Vietnam’s export reliability increases

09:35 | 26/04/2017 Trade

(VEN) - Vietnam’s export reliability ranks higher than China’s, according to a recently issued report by the German market research firm Statista. But in the ranking of 52 exporting countries, Vietnam came in 46, three grades higher than China, according to the March 27 report.

It’s time for Vietnamese businesses to prioritize the best products
to the nation’s consumers

Whether household appliances or clothing, one of the top factors that influence consumer purchasing decisions is the country of origin.

This conclusion is verified by the Made-in-Country Index (MICI) 2017 developed by the German Statista market research company, which graded products according to perceived trust and reliability. More than 43,000 consumers from 52 countries (representing 90 percent of the global population) were surveyed to create the ranking, which investors can also use in deciding where to put their money.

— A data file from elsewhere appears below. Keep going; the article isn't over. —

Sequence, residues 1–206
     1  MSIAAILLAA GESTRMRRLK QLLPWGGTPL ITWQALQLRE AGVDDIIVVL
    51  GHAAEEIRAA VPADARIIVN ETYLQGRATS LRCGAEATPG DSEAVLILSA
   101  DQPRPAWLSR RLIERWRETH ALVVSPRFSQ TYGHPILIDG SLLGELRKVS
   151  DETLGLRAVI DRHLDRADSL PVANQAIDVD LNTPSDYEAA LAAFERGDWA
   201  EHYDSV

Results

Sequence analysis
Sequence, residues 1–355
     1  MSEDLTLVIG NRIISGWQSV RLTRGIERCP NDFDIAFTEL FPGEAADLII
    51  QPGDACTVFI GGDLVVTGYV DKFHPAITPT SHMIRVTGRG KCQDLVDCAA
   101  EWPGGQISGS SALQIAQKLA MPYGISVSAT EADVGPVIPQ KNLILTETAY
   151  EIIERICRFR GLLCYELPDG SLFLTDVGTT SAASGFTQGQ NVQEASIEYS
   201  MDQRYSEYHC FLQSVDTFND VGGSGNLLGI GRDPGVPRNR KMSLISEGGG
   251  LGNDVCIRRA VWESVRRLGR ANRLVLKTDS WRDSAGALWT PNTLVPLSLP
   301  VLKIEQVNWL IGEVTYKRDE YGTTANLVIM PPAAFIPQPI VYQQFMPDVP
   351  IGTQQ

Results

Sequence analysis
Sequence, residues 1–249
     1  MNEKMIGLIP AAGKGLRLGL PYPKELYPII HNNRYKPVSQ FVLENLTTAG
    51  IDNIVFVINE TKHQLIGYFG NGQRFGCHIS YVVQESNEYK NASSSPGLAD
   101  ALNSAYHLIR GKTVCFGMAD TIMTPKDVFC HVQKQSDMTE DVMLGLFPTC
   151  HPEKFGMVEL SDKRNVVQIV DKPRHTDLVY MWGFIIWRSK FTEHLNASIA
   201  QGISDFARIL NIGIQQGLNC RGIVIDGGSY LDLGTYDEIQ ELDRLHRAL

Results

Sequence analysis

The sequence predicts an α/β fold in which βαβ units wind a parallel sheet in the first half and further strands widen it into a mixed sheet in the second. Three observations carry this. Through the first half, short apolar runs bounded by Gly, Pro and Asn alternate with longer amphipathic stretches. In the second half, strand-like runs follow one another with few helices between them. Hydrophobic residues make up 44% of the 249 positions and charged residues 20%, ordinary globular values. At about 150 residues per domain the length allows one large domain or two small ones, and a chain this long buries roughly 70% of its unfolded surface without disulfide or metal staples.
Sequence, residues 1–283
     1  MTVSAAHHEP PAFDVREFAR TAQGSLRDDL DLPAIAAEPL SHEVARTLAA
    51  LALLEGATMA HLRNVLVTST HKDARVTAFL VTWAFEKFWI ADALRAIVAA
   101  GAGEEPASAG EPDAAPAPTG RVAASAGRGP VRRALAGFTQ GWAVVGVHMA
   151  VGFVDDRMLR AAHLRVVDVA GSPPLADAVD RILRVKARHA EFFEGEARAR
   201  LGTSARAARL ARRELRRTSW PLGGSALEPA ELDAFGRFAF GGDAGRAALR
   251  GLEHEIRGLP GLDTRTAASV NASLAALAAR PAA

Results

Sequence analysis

According to Statista’s assessment, 100-point “Made in Germany” topped the list as the world’s leading quality label. The “Made in Vietnam” label came in 46th place with 34 points. The report showed that Vietnamese-made goods were evaluated at a low level in terms of quality and value for money, with most of the product features below international average standard. In Ecuador, Vietnamese products were ranked in 10th place, and in the United Arab Emirates in 20th place - the two highest scores for Made-in-Vietnam goods.

The grading was based on perceived product attributes: value for money, fair production, uniqueness, authenticity, design, advanced technology, quality, sustainability, security standards, and status symbol.

The report appears to reflect extraordinary efforts by Vietnamese companies, especially over the past year, to invest in quality improvement, brand promotion and marketing in order to qualify for high scores in one of the three questions posed by Statista: “How has your perception of the country’s commodity changed over the past 12 months?”

Despite getting a modest reputation in the extremely competitive world commodity market with a plus in price/performance ratio, the “Made in Vietnam” label didn’t have real impact on its domestic market. The explanation for the preference of Japanese-made goods over local products is the quality guarantee of Japanese manufacturing.

Along with the “Buy Vietnamese Goods” campaign, local companies should prioritize their best quality products for the nation’s consumers. A domestic market-based strategy is likely to prove especially relevant given an outlook of trade protectionist barriers re-emerging in the world market.

Quang Loc